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Judge Grants Temporary Restraining Order Against State Worker Furloughs

Audio

Aired 8/10/10

State workers in California may not be furloughed after all. A judge has granted a temporary restraining order against the governor's decision to reinstitute the three unpaid days off a month. We're joined on Morning Edition by nonpartisan Sacramento political consultant Leo McElroy.

State workers in California may not be furloughed after all. A judge has granted a temporary restraining order against the governor's decision to reinstitute the three unpaid days off a month. We're joined on Morning Edition by nonpartisan Sacramento political consultant Leo McElroy.

DWANE BROWN: Are you surprised by the judge's ruling, Leo?

LEO MCELROY (Political Consultant): I'm not terribly surprised by it, but I am surprised by the fact that nobody is looking at what the alternatives are, which is massive layoffs in state government. The fact is that the governor's back is being pressed against a wall on this thing. He's trying to save money and trying to, in his words, spread the pain across the population of the state employment base, and without the furloughs to be able to work with, the only remaining alternative may be starting to actually fire people.

BROWN: And the state controller says he's going to run out of money by the end of this month.

MCELROY: That's right. That's right. And so here we are, once again with a delayed budget, and attempting to find ways to survive around it, and another door has just been slammed, and now the governor's going to go ahead and appeal that. And, where he winds up with that appeal is another question, but in the meantime, if you're the governor, you've got to be looking at alternatives, and the most painful alternative of all was actually starting to fire people from the state employee base.

BROWN: Yeah, it looks like more inaction than action these days at the state capitol. California voters probably won't be weighing in on a bond measure as well to improve the state's water system for a few years, why do you think the legislature voted last night to remove that $11 billion water bond.

MCELROY: I think it's an overturning of the old Mark Twain saying. Mark Twain said that in California whiskey is for drinking and water is for fighting over. And I think this time, whether they were drinking or not, the legislators really decided that this is not the year they want to do the fighting over water. The economic uncertainty makes the passage of a water bond really problematic in California. Our political land mass is kind of loaded with earthquake faults, I'm afraid, and there's a lot of fear that this year. A water bond measure might not do well at all.

BROWN: Well, I referred to inaction -- a judge also overturned Proposition 8 last week. Why are all these things not happening in Sacramento?

MCELROY: Well, this really has thrown everybody's plans into a whirlpool if you will. There was a lot of battle in the gay community, and sympathizers with them, over whether to go to the ballot with another measure attempting to overturn Prop. 8 on their own, and the feeling that it was something that would either be able to happen in the near future, or that maybe they shouldn't be pushing it, they should wait a couple years, and then do it as society's views change. Now you've got this thrown in the mix, and now you've got the Prop. 8 backers starting to look at, well, is there a way we could craft a measure that would not be interpreted by the courts as trampling on an inalienable right, and would still accomplish what they want to accomplish, which is ban the recognition of gay marriage. This is going to be a thorny one, and it's really not going to be decided by anybody until the U.S. Supreme Court winds up looking at it. And there it's going to be a highly problematic, probably a 5-4 vote, and Justice Anthony Kennedy probably holds the whole ball game in the palm of his hand.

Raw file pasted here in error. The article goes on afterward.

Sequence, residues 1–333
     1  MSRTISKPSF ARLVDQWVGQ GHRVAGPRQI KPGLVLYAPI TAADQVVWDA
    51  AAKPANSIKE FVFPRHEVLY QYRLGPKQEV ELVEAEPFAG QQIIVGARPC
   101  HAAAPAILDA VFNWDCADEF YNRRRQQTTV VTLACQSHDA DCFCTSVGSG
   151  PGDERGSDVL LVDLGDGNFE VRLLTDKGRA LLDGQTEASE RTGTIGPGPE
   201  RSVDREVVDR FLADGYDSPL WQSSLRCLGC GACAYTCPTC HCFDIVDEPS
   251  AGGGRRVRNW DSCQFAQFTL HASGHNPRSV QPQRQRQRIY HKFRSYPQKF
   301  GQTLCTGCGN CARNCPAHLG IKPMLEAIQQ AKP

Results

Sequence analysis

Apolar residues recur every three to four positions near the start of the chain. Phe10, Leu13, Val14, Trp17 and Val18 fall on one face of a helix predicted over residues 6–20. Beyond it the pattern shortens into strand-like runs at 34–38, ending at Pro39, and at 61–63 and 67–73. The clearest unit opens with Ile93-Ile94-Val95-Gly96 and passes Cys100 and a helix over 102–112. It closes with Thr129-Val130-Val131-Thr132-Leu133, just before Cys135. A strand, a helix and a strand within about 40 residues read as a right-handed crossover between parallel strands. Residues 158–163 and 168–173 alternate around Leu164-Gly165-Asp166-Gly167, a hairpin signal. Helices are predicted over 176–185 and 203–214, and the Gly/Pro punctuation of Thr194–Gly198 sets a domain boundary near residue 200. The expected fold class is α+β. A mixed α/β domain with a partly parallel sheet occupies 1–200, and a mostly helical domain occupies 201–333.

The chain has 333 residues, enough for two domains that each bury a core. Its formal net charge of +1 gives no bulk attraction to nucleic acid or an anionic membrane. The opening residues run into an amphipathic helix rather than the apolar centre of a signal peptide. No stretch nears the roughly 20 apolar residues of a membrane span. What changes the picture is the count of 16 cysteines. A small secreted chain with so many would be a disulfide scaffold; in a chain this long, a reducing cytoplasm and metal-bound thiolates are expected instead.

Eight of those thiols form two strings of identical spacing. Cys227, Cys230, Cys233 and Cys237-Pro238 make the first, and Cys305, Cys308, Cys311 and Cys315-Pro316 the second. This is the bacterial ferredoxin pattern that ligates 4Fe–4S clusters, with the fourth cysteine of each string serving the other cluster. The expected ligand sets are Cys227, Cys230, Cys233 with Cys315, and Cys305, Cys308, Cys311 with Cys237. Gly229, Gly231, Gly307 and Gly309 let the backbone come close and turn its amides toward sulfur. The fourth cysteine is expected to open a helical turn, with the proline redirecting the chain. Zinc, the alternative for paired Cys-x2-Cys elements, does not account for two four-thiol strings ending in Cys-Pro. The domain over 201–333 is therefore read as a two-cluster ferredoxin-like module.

BROWN: Well, let's get back to the budget for a moment here as we wrap up our conversation, Leo. The governor has suggested in the past he may not even sign off on a budget, if his issues on the pensions aren't covered or addressed. But then on Friday he said Republicans and Democrats are only a few billion dollars -- as in four or so -- away from striking a deal on this $19-billion deficit. What gives?

MCELROY: Well, it's really interesting that you've got the governor doing the only noisemaking coming out of this thing, because the Republicans and Democrats are being unusually quiet and not airing their differences with the usual degree of noise and thunder and excitement. Apparently they really are working in quiet and trying to achieve something, but the question is, if you're the governor, you suddenly get a budget earlier than a lot of people expected, to be really honest. Are you going to hold out and say no, I'm going to refuse to sign it and -- until I get my other issues resolved, or are you just going to heave a great sign, wipe the perspiration off your head, and put your signature on the line.

BROWN: Nonpartisan Sacramento political consultant Leo McElroy.

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